13 Comments
Most Voted
Newest Oldest
Inline Feedbacks
View all comments
gregs

where are the videos of him making the threats and the wife screaming? sounds like the neighborhood karen not a friendly neighbor. i sure wouldn’t want her as a neighbor.
everything the cops did was inappropriate, especially take the word of a rp (reporting person) as trustworthy. when was the warrant signed, by who?
so many questions that need to be answered for this to be resolved.
huge civil action eminent.

xtphreak

Possibly entailing the filing of charges against the neighbor for a false report?

Swatting someone, resulting in property damage, bodily injury or death needs to be a chargeable offense.

xtphreak

I wanted to say also, if police receive a callout, they have a responsibility to ensure the accuracy of the claims made by the Reporting Party.

If they don’t see, hear etc anything to verify the claims upon arrival, they have NO authority to do anything beyond knocking on the door and politely asking if everything is ok.

A 911 call of violence etc is HEARSAY, at best, until verified by the responding officer(s).

UncleT

I thought it was illegal to ‘knowingly’ make a false police report including on a 911 call?

Last edited 1 year ago by UncleT
ROCK6

It is, but rarely charged. This needs more attention and any actions the police take that have lethal results (bodily injury or wrongful death) needs to have an accessory charge for whoever falsely reported the incident. This wasn’t about a noisy, obnoxious neighbor, this was a deliberate attempt to falsify a report to get lethal response. I’m not removing the extremely questionable police response actions, but their posture was a result of emergency call. My son’s SWAT commander was called by dispatch for an apartment shooting and barricade situation. They arrived, talked to neighbors and the shooter just did an… Read more »

UncleT

“Excessive use of force is often the first response protocol it seems in some departments; and the majority of the time, not necessary.“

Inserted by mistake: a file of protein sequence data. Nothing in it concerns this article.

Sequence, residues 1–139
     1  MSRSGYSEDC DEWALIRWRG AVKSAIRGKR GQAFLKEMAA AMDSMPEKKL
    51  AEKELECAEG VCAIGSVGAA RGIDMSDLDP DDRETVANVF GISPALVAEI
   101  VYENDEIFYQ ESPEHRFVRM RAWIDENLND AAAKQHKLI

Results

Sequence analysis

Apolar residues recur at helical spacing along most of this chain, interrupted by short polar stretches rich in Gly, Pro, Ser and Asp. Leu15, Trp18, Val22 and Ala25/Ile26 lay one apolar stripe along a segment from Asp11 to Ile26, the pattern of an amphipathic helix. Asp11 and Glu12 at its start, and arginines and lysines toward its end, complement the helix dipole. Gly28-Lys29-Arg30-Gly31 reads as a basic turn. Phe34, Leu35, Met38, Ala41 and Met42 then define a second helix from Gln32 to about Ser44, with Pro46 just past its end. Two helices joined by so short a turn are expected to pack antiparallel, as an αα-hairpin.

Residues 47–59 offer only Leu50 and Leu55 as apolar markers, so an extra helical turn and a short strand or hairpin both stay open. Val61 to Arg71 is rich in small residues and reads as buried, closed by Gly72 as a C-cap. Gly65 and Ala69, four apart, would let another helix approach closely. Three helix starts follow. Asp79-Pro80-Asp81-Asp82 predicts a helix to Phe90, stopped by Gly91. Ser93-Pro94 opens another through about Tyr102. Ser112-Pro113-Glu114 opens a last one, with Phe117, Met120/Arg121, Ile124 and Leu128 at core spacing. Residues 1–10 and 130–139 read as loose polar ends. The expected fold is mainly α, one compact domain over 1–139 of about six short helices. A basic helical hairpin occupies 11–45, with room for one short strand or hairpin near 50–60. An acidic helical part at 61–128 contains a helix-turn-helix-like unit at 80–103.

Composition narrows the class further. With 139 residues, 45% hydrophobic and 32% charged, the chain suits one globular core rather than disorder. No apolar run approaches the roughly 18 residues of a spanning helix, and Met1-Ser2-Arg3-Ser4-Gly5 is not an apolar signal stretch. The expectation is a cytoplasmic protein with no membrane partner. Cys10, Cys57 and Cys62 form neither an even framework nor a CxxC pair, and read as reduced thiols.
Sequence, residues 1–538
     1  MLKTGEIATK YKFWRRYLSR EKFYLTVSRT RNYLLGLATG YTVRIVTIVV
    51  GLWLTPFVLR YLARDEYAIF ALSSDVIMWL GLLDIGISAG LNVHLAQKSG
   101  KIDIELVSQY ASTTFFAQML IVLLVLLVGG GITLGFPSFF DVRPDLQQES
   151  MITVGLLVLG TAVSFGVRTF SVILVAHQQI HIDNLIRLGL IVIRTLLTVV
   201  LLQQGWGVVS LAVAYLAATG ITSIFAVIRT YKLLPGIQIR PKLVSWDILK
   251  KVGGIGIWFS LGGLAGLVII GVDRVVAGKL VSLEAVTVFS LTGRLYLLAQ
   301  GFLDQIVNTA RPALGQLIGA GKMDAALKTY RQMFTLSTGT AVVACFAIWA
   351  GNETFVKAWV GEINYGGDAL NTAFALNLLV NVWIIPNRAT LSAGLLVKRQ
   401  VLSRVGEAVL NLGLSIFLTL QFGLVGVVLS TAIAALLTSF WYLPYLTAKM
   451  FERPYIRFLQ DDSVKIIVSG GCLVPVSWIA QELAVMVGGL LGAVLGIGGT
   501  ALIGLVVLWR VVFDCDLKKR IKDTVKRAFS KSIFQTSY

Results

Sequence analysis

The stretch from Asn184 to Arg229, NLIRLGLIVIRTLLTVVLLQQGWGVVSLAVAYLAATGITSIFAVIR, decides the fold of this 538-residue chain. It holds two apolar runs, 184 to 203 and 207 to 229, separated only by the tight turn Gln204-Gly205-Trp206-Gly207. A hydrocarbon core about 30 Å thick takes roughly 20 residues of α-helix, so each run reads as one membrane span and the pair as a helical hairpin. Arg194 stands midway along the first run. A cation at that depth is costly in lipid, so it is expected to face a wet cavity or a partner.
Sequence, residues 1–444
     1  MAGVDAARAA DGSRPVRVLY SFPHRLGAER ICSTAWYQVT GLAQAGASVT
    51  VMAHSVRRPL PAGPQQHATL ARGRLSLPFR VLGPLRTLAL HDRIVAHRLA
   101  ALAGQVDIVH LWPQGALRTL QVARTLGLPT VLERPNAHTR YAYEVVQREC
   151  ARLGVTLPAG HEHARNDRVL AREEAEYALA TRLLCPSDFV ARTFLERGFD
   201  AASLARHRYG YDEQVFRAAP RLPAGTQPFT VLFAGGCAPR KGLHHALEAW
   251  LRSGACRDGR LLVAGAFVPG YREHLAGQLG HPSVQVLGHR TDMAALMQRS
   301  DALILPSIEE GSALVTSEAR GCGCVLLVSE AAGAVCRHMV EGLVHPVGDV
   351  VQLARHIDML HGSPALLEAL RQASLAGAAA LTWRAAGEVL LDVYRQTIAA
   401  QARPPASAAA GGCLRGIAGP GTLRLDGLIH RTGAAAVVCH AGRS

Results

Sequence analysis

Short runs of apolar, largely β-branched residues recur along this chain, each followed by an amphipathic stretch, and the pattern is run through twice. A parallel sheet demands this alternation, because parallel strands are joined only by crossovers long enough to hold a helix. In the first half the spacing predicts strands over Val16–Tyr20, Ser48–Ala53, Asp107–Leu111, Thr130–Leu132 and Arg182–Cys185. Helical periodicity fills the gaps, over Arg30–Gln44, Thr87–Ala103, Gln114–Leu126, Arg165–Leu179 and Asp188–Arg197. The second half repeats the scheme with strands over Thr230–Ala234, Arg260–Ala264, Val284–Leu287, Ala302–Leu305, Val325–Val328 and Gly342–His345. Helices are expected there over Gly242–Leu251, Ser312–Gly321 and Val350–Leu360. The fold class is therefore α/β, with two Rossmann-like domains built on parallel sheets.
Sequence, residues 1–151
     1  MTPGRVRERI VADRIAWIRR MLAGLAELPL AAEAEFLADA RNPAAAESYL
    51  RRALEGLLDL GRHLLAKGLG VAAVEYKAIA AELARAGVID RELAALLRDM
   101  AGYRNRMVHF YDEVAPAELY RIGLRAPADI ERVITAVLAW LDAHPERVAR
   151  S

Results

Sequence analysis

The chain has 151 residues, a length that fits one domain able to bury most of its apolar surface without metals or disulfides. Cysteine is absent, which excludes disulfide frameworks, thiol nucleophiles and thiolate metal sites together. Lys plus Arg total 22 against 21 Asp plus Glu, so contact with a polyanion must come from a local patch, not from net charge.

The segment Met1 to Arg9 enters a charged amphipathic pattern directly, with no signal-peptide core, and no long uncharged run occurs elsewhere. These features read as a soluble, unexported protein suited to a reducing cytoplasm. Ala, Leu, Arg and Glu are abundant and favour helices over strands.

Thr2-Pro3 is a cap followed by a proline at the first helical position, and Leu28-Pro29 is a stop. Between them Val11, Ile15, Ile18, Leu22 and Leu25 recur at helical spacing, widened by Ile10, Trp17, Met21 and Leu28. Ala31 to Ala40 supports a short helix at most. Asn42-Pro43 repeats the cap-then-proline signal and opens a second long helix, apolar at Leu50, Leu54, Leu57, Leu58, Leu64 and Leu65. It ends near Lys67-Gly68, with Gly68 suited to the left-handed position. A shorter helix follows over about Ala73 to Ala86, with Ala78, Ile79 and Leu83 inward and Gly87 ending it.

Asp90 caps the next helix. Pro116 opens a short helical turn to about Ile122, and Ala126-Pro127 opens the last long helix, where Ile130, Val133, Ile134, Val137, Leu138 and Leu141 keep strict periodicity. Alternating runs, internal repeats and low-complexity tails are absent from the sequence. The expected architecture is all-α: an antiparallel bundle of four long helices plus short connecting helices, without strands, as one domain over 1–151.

Is it just me or is this thing called “Protocol” getting people killed in everything? I heard it while in Hospitals during covid, heard it this week in this train derailment and blowing up chemicals and now I hear it in police tactical operations. What happened to dealing with each situation differently with the care or need needed? Protocols mean one size fits all and that not how life works.

Zhukov

Makes me think that this whole thing was a swatting incident. The police involved and the “neighbor” need to be investigated and charged. Why nothing about interviews with other neighbors to determine if they can or cannot confirm what was called in to the 911 dispatch?

Mystic Wolf

If the closest neighbor was about three acres away that would be about 900 to 1000 feet! Unless you have a directional mic on that video recording any voices you h3arvare only going to be muffled sounds at best, you are not going to hear anything cleat and if there are trees in the area that is going to make audio recording even more difficult. Yeah it sounds like that neighbor just wanted 5o get rid of the guy by an6 means, it also sounds like he had a grudge against the fellow that was gunned down!. At this time… Read more »

RedBass

Swatting should equal a felony crime. The cost of effort and the waste that it imposes to public safety should mandate it. The country as a whole is soft on crime, hence, this is why there are so many. George Soros backed DA’s with Hunter Biden credentials (that means you have not experience) put the worse of the worse back out on the street. Except when there is a 70 year old protecting his property and uses legal deadly force in a Soros backed town, you go to jail and the criminals run free. Nice….

Nun

I LIVE HERE, Cherokee County, NC. Let me tell you about the current KOP KLOWN SHOW we have in the county. I had high hopes for the new sheriff, Dustin Smith. He just returned from the Sheriff Mack School for Constitutional Sheriffing (or whatever it’s called). It’s a great course and should be mandatory for EVERY sheriff in the united states of America. HOWEVER, with the latest events (attempted firing squad – attempted murder of Mr. Kloepfer), calling in another departments’ SWAT team (that has ZERO jurisdiction in Cherokee County), lack of managerial oversight (neither the sheriff or undersheriff were… Read more »

Courageous Lion - Hear Me Roar - Jus Meum Tuebor

The major problem with red flag “laws’ is the total disregard of the 4th amendment. which seems to go along with the total disregard of the whole Constitution by “our” government functionaries on a daily basis all over the US.

Jsauerii

The caller and every cop on site who fired a round should be charged with attempted murder. PERIOD! Backing the blue is backing your own future death and the lies associated to cover up your murder at the hands of the blue line badged terrorist organization.

Bill

So bad! Heads should roll! Training should be increased. Hands raised and SHOT??